His response is antecedent to any reflection. His core nature as a being of love, one created by a loving God, is touched. His response is a pure indication of his nature. He responds with love because his mother’s gift of love is not something that he can refuse. Just as the sun entices green growth, the mother’s love summons forth the child’s love, thus completing the “I-Thou” bond.
But there is something far more profound that occurs in the mother-child relationship. As von Balthasar states, the mother’s love is delivered as a “lightning flash of the origin with a ray so brilliant and whole that it also includes a disclosure of God.” This helps to explain what St. John Paul meant when he remarked that “an ounce of mother is worth a ton of priests.” God has an “I-Thou” relationship with man.
However, the adult response to God’s love usually requires reflection and decision-making. Yet the early loving response of the child to his mother’s love is something that the adult can build on. Along with mother’s milk, the mother is awakening in her child a sense of God.
The child interprets his mother’s smiling and her whole gift of self as coming from another, thereby distinguishing the “Thou” of the mother from the “I” of the child. In this way, the love-to-love bond is achieved. The child responds to his mother’s love with love of his own, thus awakening him to the realization, however dim, that he is made to love. This is a moment that is central and sacred to human beings. It is their origin and starting point. It is more fundamentally humanizing than any other human relationship.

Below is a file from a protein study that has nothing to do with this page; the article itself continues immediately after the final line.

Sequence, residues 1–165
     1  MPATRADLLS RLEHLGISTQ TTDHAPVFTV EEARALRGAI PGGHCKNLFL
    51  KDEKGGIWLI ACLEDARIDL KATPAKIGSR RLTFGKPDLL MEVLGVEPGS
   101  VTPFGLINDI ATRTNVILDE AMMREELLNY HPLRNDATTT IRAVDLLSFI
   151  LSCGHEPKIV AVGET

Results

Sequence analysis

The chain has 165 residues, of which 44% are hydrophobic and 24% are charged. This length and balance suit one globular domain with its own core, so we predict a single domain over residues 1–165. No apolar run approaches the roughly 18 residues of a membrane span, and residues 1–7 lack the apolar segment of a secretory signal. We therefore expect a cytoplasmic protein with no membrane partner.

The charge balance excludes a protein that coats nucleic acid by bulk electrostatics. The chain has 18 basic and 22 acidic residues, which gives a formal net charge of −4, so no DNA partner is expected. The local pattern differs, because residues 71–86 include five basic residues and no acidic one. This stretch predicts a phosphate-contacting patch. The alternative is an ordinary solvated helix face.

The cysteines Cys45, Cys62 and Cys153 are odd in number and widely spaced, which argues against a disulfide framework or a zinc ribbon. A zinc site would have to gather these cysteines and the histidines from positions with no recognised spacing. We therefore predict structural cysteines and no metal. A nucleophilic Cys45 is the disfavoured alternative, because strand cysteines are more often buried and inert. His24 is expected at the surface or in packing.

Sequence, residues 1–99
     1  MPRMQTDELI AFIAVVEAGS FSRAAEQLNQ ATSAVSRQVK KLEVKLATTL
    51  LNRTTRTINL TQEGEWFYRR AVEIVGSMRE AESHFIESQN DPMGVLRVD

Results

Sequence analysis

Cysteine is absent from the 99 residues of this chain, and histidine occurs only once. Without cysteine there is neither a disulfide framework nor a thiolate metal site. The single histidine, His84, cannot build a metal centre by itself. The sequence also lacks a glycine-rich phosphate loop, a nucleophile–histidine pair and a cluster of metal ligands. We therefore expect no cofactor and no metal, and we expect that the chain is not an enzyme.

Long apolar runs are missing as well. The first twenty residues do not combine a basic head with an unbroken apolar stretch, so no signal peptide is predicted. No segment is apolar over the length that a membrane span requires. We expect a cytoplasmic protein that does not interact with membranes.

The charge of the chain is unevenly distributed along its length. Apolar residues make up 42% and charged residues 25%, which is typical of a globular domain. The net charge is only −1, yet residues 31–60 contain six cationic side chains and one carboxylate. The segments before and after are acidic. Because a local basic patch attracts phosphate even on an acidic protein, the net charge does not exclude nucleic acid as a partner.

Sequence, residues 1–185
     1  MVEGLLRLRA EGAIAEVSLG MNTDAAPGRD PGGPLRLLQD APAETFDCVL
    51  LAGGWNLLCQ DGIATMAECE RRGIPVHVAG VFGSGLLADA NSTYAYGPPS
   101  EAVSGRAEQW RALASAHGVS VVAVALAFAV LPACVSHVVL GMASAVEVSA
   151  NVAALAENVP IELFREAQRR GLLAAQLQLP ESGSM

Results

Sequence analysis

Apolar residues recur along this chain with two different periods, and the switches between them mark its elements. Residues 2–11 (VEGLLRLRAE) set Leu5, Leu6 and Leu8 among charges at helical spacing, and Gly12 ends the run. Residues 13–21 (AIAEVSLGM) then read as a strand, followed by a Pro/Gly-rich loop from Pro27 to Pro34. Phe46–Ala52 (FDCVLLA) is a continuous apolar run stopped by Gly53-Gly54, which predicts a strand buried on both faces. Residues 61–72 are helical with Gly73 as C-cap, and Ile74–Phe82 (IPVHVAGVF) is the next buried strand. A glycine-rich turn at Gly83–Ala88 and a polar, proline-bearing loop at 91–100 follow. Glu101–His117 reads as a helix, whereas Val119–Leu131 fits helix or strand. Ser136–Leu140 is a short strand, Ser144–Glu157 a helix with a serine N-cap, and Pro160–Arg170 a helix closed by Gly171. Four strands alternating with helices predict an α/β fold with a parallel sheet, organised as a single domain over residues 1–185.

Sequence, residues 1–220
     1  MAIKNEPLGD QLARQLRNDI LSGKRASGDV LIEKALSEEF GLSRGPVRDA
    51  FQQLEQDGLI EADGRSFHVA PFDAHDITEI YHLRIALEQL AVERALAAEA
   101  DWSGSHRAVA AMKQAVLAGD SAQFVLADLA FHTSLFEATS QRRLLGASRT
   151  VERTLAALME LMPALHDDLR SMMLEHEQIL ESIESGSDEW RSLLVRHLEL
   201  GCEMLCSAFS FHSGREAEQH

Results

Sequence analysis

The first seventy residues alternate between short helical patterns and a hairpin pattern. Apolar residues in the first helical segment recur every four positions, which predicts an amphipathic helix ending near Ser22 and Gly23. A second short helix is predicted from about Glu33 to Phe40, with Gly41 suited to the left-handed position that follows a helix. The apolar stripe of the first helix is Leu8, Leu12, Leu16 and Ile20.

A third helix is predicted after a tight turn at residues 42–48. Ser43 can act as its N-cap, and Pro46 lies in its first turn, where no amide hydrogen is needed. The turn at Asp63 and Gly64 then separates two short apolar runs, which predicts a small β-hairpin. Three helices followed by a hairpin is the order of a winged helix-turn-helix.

A British poet by the name of Anne Ridler (1912-2001), who at one time served as a secretary for T.S. Eliot, authored 11 volumes of poetry over a 50-year span. A mother to two sons and as many daughters, she has penned a number of poems that reveal her own acute sensitivity to the mother-child relationship. In Choosing a Name, she beautifully expresses the mother-child relationship to which von Balthasar alludes, where generous love embraces receptive child:

Frail vessel, launched with a shawl for sail,
Whose guiding spirit keeps his needle-quivering
Poise between trust and terror,
And stares amazed to find himself alive;
This is the means by which you say I am.

As Mrs. Ridler implies, love summons “trust,” whereas its absence suggests “terror.” Motherhood is the gift of self that summons a loving response that requires no deliberation but comes straight from the heart. It is an example and prototype that we can never exhaust, but must continually honor. It may be easier to understand the greatness of motherhood in the mother-child relationship. Nevertheless, motherhood plants an indelible seal of all mothers. It is an identity that time cannot either wither or efface.
(Dr. Donald DeMarco is a senior fellow with Human Life International. His latest book, posted on amazon.com, is Why I Am Pro-Life and Not Politically Correct.)